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At second GOP debate, candidates spar over economy, immigration, crime

Republican presidential candidates (L-R), North Dakota Gov. Doug Burgum, former New Jersey Gov. Chris Christie, former U.N. Ambassador Nikki Haley, Florida Gov. Ron DeSantis, Vivek Ramaswamy, U.S. Sen. Tim Scott (R-South Carolina) and former U.S. Vice President Mike Pence participate in the Fox Business Republican Primary Debate at the Ronald Reagan Presidential Library on Sept. 27, 2023, in Simi Valley, California. / Credit: Justin Sullivan/Getty Images

Washington, D.C. Newsroom, Sep 27, 2023 / 23:58 pm (CNA).

Republican presidential hopefuls on Wednesday night sparred for the second time on the debate stage, arguing over the economy, immigration, and other issues key to the looming presidential contest.

The six candidates — former New Jersey Gov. Chris Christie, Florida Gov. Ron DeSantis, North Dakota Gov. Doug Burgum, former Vice President Mike Pence, former United Nations Ambassador Nikki Haley, entrepreneur Vivek Ramaswamy, and South Carolina Sen. Tim Scott — appeared at the Ronald Reagan Presidential Library in Simi Valley, California. 

The politicians over two hours traded jabs and touted their records as they labored to distinguish themselves in what is still a crowded GOP primary field. 

Absent again was former President Donald Trump, who has skipped both of the Republican debates held so far, claiming his commanding front-runner status gives him little motivation to appear on stage with his rivals. National polls show DeSantis a distant second.

In contrast to the contentious first debate, Wednesday’s discussion at times seemed to wander across topics as moderators from Fox News and Univision struggled to retain control of the conversation.

Notably missing from much of the discourse were questions on abortion, though DeSantis delivered a highlight late in the debate in defense of pro-life politics, telling the California crowd: “We are better off when everyone counts.”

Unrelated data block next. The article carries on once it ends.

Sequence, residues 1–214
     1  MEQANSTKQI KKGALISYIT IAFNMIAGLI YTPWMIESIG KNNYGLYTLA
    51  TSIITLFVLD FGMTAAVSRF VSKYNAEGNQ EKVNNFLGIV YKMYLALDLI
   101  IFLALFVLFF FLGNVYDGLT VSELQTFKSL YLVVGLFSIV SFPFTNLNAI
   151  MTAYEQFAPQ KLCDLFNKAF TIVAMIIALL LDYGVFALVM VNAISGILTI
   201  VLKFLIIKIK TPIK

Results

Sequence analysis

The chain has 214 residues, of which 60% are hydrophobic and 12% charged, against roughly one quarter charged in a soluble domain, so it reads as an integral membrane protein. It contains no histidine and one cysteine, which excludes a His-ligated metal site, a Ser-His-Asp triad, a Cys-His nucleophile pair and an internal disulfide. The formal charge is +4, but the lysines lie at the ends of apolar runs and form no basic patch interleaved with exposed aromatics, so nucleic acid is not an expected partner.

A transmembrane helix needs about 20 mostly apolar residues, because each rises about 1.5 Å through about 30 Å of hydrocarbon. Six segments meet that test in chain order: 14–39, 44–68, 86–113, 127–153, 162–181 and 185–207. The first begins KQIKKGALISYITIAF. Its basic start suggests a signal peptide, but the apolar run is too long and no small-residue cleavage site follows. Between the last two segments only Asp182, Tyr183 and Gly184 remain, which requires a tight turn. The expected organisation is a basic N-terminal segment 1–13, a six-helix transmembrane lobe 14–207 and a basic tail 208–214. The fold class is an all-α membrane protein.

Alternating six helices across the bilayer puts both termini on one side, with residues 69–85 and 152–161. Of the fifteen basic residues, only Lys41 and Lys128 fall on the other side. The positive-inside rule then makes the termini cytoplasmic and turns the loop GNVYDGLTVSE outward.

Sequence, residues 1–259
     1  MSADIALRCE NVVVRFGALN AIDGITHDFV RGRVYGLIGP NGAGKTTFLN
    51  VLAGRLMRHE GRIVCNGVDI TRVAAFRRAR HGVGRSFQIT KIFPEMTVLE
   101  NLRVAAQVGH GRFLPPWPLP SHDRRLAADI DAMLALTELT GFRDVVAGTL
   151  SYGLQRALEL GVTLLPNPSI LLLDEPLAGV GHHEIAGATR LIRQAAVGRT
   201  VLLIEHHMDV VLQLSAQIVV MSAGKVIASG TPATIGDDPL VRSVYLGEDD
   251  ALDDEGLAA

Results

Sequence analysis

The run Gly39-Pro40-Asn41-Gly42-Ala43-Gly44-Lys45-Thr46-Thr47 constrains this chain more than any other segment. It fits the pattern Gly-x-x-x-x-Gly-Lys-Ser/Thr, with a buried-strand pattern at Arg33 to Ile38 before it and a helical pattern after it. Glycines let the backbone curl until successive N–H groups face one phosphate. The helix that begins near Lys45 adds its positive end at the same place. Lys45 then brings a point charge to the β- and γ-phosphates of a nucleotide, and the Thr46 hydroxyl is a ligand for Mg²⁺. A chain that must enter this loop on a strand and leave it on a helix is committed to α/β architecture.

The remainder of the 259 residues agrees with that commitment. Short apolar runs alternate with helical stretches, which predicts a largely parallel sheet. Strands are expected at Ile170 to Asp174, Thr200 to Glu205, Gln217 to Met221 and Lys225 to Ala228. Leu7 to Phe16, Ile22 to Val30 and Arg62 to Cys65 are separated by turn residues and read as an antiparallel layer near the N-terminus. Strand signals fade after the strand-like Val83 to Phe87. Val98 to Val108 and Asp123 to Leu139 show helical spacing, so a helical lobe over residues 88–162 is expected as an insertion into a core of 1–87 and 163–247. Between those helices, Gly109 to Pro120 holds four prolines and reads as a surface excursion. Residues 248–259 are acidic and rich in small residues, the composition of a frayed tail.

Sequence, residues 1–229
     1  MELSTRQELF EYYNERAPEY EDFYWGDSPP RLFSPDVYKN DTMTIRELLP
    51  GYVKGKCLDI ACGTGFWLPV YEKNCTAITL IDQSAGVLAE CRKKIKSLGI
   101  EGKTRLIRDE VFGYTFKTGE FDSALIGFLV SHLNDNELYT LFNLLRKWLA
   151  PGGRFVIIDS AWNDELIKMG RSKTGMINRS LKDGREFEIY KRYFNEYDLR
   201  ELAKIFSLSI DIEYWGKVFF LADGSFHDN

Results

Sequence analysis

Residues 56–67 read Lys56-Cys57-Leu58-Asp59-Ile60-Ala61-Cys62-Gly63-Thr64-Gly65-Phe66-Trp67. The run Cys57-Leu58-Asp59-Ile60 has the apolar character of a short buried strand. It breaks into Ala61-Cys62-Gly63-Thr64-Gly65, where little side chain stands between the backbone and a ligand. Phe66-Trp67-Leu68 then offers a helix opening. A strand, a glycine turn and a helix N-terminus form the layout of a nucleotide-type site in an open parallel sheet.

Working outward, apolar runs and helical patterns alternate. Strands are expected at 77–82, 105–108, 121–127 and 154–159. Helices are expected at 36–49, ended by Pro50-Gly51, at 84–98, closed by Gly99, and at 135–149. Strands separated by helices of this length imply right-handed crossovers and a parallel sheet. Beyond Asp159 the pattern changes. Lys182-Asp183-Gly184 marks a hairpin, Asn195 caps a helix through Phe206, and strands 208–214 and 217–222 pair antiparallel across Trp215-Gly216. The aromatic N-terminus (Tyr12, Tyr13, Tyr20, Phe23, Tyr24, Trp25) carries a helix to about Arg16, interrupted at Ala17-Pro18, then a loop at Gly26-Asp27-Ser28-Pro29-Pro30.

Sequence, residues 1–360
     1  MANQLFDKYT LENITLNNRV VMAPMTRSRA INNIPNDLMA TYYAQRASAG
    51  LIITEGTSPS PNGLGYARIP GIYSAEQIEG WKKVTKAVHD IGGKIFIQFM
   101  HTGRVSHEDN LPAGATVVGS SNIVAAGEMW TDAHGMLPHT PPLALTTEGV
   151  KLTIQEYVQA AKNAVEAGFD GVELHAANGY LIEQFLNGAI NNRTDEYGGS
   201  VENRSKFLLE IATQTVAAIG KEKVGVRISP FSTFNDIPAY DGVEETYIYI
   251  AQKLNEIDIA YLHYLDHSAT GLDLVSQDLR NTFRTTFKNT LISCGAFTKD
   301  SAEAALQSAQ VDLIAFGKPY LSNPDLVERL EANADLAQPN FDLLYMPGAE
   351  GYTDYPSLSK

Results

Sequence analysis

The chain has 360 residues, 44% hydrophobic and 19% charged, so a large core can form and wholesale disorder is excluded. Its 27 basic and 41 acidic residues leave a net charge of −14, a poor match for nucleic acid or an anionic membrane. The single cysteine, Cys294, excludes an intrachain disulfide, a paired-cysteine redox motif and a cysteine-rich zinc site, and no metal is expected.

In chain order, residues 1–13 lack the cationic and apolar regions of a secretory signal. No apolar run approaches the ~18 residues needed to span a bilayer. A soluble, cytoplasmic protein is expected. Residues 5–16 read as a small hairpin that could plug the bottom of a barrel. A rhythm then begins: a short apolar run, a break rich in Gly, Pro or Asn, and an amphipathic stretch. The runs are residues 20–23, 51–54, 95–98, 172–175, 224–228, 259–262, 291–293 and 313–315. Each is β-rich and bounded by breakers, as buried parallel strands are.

Most of the evening was given to policy questions. Asked about the ongoing economic turmoil in the U.S. — including high inflation that continues to drive consumer prices upward — the presidential hopefuls repeatedly blamed the Biden administration for those ills. 

“I really believe what’s driving [these crises] is that Bidenomics has failed,” Pence said, criticizing White House subsidies of green energy technologies and projects. 

Burgum echoed those accusations. “We’re subsidizing the automakers, and subsidizing the cars … and particularly we’re subsidizing electrical vehicles,” he said. Electric vehicles, he argued, depend too much on batteries produced by Chinese supply lines, giving the Chinese Communist Party too much economic power over the U.S. 

The candidates were asked about President Joe Biden’s appearance Tuesday on the picket lines of striking auto workers. Biden is the first sitting U.S. president to have appeared on a strike line.

Pivoting briefly to the immigration crisis at the U.S. border, Scott declared: “Joe Biden should not be on the picket line, he should be on our southern border.” 

Ramaswamy, meanwhile, urged strikers to “go picket in front of the White House” due to what he claimed was the Biden administration’s exacerbation of the country’s economic difficulties. 

Illegal immigration, crime

The candidates were pressed on the ongoing border crisis, which has seen record numbers of illegal immigrants entering the U.S. in recent years. 

“Our laws are being broken every day at the southern border,” Christie said, vowing to send the National Guard to help secure the border states. 

Ramaswamy declared his desire to scrap the U.S. Constitution’s 14th Amendment birthright citizenship clause, which grants citizenship to children born in the U.S. even if their parents entered the country illegally.